Following a jail riot, Reggie Townsend, serving 23 years in a Wisconsin prison, was put in a segregation unit with “wet, moldy and foul-smelling” bedding which the jailer did not change despite his request. “Though he did not suffer any physical harm from the unsanitary bedding, Townsend was deprived of the ‘minimal civilized measure of life’s necessities,’ the jury decided after deliberating six hours,” and awarded him $295K. (The Smoking Gun, Sept. 19; AP/Milwaukee Journal-Sentinel, Sept. 23).
Welcome LA Weekly readers; this website is mentioned and I am quoted in a less-than-entirely-coherent story about mold litigation in this week’s LA Weekly. The story focuses on Sharon Kramer, who has given up a full-time career to pound the drums over her fight with her insurer alleging mold harms after a remediation; and an unfortunate lawsuit brought by scientist Bruce Kelman against Kramer. Kelman only wants an apology from Kramer for her issuing a press release that falsely claimed he lied under oath; Kramer has refused, and Kelman is still stuck in litigation where he will likely come up with a Pyrrhic victory. (Kelman’s work writing a layperson’s guide to the science of mold for the Manhattan Institute is central to the libel allegations.) Kramer, meanwhile, blames her aging on exposure to mold, rather than, say, turning 56. The story suffers for treating Erin Brockovich as the archetype of a justified plaintiff; Overlawyered readers know better.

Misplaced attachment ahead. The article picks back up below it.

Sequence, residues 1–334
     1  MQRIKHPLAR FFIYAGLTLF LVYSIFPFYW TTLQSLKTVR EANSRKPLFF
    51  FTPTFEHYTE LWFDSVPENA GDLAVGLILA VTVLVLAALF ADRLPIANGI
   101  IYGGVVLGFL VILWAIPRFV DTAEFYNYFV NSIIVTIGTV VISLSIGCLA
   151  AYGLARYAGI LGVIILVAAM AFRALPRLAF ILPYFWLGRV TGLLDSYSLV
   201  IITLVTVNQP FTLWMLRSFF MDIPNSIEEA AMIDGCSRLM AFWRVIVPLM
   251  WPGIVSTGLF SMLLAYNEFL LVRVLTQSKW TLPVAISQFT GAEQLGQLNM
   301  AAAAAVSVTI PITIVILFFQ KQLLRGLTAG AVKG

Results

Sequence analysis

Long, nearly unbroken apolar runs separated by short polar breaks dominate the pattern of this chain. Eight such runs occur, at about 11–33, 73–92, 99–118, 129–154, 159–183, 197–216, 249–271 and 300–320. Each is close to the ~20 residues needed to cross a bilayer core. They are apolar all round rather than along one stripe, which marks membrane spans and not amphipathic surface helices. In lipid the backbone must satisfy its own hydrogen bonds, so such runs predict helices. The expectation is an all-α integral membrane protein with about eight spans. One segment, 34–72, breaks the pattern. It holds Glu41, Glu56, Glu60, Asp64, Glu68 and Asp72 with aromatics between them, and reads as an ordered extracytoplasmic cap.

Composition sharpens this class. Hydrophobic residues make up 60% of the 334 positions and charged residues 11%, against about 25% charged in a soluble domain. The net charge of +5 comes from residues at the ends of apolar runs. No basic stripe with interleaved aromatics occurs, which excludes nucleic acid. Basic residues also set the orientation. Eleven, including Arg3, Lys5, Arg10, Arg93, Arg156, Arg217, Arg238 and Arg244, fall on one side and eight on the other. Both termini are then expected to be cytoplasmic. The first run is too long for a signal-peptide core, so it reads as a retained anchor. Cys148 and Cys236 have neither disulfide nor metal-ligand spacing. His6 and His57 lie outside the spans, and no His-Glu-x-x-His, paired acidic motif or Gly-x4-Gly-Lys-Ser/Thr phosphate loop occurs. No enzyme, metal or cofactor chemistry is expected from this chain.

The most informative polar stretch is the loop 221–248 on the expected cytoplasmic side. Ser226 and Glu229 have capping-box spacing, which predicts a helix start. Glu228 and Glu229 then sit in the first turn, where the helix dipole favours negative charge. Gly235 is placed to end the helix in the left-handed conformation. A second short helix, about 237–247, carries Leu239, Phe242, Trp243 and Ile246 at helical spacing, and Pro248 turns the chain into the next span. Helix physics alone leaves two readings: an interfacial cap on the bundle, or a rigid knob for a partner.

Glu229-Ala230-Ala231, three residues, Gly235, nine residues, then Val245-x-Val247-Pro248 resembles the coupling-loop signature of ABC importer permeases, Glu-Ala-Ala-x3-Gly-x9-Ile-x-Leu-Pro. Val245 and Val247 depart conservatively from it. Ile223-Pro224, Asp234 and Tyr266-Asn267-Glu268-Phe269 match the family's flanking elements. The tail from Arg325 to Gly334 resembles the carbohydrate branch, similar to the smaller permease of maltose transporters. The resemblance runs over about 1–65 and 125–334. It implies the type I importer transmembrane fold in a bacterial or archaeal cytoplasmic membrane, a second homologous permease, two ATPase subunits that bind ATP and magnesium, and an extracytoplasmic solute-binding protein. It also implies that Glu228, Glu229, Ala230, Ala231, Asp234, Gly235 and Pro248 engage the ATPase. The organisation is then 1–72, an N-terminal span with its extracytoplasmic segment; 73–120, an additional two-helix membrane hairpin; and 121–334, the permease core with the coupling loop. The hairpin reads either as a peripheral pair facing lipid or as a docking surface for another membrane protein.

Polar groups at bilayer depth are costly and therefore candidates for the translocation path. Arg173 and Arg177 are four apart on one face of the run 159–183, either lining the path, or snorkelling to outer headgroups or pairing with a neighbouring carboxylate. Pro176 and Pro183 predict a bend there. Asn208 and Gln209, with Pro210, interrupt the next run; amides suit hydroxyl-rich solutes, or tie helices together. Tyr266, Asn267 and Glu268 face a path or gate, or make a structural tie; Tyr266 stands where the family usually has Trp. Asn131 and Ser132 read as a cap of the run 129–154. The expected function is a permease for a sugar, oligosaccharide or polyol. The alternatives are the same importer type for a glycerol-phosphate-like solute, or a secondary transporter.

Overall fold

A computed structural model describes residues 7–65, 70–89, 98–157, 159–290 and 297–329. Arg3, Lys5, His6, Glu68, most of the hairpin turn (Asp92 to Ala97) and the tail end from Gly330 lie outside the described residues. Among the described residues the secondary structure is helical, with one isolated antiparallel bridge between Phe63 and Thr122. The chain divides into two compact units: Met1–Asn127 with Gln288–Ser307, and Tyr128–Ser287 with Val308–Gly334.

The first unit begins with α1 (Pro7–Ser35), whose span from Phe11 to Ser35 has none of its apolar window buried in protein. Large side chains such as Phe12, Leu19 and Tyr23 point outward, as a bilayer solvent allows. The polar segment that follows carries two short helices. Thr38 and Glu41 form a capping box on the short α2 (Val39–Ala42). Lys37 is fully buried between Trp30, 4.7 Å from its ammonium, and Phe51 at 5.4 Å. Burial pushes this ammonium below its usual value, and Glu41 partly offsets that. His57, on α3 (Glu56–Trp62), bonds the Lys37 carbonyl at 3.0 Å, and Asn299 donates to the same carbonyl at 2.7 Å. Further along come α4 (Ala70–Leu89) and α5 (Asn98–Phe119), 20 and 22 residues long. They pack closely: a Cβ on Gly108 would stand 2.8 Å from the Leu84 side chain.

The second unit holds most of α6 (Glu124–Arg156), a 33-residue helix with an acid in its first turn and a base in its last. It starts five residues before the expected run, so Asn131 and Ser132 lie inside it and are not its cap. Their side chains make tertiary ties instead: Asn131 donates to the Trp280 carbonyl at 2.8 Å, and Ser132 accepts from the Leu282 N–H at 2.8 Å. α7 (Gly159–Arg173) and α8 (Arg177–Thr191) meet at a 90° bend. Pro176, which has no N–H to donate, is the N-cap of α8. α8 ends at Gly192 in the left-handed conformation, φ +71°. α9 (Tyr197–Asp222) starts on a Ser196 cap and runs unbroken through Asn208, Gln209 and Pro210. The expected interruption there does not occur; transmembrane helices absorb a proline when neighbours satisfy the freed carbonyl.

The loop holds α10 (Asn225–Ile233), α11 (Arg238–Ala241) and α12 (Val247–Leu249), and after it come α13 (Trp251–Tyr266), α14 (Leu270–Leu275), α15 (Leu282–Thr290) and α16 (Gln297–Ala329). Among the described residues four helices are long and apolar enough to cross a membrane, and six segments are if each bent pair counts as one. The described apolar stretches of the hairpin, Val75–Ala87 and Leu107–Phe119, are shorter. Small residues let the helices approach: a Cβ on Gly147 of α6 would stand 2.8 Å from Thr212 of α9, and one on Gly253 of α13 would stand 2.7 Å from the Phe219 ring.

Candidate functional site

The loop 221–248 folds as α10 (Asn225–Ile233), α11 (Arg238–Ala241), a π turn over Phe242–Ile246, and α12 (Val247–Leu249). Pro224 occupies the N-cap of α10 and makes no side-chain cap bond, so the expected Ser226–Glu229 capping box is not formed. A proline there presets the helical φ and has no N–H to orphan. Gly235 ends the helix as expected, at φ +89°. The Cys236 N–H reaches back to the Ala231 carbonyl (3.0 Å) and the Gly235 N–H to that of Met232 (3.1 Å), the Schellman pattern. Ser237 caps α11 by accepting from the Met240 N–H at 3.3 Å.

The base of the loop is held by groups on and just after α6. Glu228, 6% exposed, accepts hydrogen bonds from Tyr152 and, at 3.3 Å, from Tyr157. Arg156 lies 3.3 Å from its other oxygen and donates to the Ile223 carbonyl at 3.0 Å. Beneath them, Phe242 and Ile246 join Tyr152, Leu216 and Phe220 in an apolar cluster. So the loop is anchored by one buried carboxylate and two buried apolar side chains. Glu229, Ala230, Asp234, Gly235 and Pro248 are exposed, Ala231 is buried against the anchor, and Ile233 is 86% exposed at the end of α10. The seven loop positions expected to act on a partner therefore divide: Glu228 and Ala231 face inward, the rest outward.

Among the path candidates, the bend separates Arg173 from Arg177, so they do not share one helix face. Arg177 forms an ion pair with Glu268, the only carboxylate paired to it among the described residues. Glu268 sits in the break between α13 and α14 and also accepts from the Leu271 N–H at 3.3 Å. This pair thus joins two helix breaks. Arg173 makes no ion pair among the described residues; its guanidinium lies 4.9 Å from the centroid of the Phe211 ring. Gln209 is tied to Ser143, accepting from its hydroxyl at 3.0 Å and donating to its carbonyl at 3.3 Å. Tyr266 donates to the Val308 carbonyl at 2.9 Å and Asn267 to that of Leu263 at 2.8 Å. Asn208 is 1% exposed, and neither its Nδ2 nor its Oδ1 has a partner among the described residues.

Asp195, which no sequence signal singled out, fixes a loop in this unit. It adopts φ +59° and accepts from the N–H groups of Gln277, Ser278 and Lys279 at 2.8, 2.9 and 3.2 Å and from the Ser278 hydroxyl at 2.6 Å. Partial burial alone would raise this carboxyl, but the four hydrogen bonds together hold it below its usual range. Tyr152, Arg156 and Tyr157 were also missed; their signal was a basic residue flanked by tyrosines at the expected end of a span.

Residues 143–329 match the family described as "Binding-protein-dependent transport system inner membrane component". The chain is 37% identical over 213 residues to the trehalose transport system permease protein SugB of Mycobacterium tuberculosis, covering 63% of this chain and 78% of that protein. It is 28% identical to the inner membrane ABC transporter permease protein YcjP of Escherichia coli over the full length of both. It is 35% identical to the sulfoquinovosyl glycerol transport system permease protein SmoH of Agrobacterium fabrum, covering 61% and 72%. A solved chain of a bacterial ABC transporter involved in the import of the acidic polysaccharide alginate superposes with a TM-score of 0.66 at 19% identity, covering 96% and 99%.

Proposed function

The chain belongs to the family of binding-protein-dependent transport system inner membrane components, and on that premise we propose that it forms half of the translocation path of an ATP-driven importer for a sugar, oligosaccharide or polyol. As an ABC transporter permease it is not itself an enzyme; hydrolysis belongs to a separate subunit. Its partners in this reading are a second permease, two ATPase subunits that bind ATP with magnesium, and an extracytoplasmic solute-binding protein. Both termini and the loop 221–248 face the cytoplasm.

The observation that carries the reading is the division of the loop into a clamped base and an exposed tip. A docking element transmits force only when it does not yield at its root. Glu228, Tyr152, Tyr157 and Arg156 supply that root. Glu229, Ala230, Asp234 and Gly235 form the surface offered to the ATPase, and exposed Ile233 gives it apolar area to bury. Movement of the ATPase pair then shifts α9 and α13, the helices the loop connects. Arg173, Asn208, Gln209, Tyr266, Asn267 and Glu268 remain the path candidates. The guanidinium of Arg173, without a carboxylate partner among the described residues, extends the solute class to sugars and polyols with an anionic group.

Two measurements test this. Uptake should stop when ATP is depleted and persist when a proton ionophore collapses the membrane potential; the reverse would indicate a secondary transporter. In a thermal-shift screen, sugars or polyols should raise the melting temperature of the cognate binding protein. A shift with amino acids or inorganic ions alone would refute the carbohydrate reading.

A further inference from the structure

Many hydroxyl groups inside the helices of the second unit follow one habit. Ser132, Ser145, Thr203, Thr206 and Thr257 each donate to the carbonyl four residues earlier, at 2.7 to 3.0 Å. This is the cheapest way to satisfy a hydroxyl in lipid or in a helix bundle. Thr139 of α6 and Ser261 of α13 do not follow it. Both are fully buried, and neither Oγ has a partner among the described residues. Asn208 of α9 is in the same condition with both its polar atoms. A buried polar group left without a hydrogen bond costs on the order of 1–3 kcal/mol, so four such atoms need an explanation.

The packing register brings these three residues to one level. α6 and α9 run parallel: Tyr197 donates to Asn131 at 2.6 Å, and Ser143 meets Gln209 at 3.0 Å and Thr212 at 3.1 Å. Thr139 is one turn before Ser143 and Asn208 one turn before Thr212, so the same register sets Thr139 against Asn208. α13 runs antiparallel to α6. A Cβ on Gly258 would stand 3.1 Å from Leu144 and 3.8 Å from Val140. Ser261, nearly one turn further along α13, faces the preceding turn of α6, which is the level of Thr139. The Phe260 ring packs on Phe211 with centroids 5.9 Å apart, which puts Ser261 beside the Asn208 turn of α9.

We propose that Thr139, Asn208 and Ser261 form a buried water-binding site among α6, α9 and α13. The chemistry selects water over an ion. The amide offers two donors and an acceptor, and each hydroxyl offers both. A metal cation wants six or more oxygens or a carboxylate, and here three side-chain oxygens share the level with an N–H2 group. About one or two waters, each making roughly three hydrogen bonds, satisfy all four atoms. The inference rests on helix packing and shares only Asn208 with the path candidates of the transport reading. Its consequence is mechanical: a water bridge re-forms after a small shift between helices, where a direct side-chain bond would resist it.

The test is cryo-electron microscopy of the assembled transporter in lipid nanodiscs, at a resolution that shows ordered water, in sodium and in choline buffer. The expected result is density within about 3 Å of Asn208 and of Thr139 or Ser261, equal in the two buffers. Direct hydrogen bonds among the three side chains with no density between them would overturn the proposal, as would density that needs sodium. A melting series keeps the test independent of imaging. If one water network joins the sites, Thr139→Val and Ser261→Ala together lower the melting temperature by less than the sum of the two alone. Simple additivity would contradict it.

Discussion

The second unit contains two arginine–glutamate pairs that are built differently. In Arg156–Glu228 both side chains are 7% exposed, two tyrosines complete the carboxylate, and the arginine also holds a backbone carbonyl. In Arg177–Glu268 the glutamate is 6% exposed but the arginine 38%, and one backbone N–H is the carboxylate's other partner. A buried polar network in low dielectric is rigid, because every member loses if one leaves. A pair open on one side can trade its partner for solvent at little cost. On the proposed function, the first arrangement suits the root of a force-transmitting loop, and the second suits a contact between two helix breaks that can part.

The story is worthwhile for one new tidbit of information, the poetic justice facing Ed McMahon for his bogus mold lawsuit:
In 2003, another raft of huge mold news stories broke nationwide, and Kramer paid close attention. The most famous, and strangest, was that of Johnny Carson’s sidekick Ed McMahon, who took a $7.2 million settlement after suing for $20 million in his claim that mold made him and his wife sick — and killed his sheepdog, Muffin. …
In the McMahon case, some see the tragic unraveling of a popular public figure egged on by an attorney, Allan Browne. No hard, scientific evidence was ever made public proving that McMahon or his dog suffered the specific mold allergies and immune-system problems that, in rare cases, can be set off by household mold.
Since then, McMahon has become a sad figure, with a series of new troubles, including his default this year on his palatial 7,000-square-foot home on Mulholland Drive, involving a $4.8 million loan from the infamous lender Countrywide. And he just sued again, bizarrely accusing investment tycoon Robert Day of having in his mansion a poorly lit staircase on which McMahon says he fell during a party last year. McMahon is belatedly alleging he broke his neck but that doctors missed it.
The longtime TV pitchman spent years convincing the courts and the general public that his home contained rampant, poisonous, deadly mold strong enough to fell a large dog. McMahon talked it up for so long that he now faces the daunting task of selling a home he can no longer afford, that people believe is riddled with toxins.